[This was supposed to be posted in 12/18, but became intermingled with another posting.]
Doudna, who co-led a 2012 study showing that a weird bacterial immune system called CRISPR could edit DNA as niftily as Word edits documents, and hundreds of other experts were in Hong Kong for the International Human Genome Editing Summit. He Jiankui, who was scheduled to speak at the summit on Wednesday, had asked to meet privately with Doudna, one of the summit’s organizers. In his presentation, He had planned to talk about the ethics of embryo editing and his experiments on mouse, monkey, and human embryos, with nary a hint that two of those embryos were now living, breathing, baby girls whom He, in an astonishing YouTube birth announcement, called Nana and Lulu. Was that okay?, he asked Doudna as they sat in the lobby.
Um, Doudna replied, you’ve dropped this shocking news on the world, right before our summit, and you’re not planning to mention it? He seemed surprised that she expected him to but agreed to have dinner with her and other members of the summit organizing committee that evening to talk it out.
“His demeanor was an odd combination of hubris and naivete,” she recalled in an interview. “He was very confident in his work, and totally not understanding what an explosion he had caused” — one that, some scientists feared, could derail hopes for using CRISPR to prevent some of the most devastating diseases lurking in the double helix….
He confided in at least two U.S. scientists about his plan, but ignored their arguments that he was making a potentially disastrous mistake. He studied recommended ethical guidelines for embryo editing — but flouted them. He claimed he had been transparent about working toward pregnancies with CRISPR’d embryos — yet never breathed a word about those plans in his talks at science meetings and stalled for months before listing his experiment on an official Chinese registry of clinical trials.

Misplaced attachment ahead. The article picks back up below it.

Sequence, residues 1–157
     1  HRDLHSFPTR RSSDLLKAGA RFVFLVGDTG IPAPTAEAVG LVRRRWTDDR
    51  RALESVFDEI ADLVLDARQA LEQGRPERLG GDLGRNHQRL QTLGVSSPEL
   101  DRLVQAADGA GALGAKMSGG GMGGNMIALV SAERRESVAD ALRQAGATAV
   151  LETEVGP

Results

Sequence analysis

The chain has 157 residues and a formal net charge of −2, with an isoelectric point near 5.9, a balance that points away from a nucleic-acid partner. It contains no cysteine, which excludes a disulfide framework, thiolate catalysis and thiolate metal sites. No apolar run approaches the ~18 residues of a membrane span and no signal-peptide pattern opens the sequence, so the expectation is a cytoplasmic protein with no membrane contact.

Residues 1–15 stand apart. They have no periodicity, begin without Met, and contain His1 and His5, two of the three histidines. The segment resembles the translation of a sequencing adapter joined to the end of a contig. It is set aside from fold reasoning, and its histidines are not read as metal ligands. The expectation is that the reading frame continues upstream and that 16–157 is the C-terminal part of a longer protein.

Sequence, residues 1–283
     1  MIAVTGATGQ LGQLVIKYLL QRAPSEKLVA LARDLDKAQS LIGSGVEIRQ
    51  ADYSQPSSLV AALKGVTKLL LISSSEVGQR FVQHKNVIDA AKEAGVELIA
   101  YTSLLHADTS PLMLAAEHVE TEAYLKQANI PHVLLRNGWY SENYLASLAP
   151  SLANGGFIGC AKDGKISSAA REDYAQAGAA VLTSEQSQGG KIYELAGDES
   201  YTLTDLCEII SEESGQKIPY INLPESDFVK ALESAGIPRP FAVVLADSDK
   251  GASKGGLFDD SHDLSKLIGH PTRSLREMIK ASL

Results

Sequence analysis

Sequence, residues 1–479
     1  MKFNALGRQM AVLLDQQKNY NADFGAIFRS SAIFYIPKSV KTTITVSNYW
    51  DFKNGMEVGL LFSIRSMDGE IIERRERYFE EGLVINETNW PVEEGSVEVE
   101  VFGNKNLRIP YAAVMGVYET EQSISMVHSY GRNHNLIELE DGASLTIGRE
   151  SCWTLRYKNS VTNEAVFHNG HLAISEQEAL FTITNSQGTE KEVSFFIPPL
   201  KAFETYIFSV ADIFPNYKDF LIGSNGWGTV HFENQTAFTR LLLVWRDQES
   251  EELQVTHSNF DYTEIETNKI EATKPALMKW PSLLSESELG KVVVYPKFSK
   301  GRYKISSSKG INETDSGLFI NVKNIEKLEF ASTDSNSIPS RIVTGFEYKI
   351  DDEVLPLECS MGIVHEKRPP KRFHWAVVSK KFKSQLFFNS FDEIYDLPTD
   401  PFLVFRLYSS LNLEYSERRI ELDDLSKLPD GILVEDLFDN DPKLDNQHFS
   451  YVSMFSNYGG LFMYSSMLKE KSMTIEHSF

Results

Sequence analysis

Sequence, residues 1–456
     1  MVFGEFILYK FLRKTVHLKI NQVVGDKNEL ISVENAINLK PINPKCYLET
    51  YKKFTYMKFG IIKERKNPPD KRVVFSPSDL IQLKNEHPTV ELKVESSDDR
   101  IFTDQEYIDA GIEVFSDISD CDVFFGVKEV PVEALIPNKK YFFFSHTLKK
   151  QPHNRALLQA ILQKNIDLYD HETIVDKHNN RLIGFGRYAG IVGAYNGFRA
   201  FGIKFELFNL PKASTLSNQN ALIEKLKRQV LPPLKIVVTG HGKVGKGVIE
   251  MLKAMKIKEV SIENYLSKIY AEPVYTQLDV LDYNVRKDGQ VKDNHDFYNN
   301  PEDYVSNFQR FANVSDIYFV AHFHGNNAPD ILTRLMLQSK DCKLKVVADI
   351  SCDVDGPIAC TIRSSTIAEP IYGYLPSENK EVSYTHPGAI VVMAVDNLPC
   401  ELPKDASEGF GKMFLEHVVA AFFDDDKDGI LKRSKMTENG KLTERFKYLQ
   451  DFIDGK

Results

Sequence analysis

For a driven and fame-seeking scientist who had set his star on changing the world, heeding doubters and sticklers wasn’t part of the plan.
He believed he would be hailed for his scientific first, especially in his homeland, as someone who did for China what the Sputnik engineers did for the old Soviet Union. In conversations with scientists and others, he brought up Dr. Robert Edwards, part of the team who created the world’s first test tube baby, won the 2010 Nobel prize for it, and brought joy to millions of otherwise infertile couples.
No wonder He seemed stunned that Monday, as worldwide condemnation of his work grew and even the stars of the CRISPR firmament weren’t applauding him. Over the hastily arranged Cantonese buffet dinner at Le Méridien, Doudna and three other summit organizers peppered him with technical questions (How many embryos did you try to edit with CRISPR? How many succeeded? How did you decide which embryos to implant? What tests did you run to see if the editing worked as planned?) and challenged the ethics of the experiment (Why did you pick the gene CCR5, which is involved in HIV infection, to edit? Did the parents understand the risks to their potential child? How do you know?).
After just over an hour, He had enough, participants told STAT. He pulled some cash out of his pocket, threw it on the table, and stormed off. Fearful of his safety, he left the Méridien and checked into another hotel. His dinner companions were left wondering if he would even show up for his scheduled talk at the summit on Wednesday…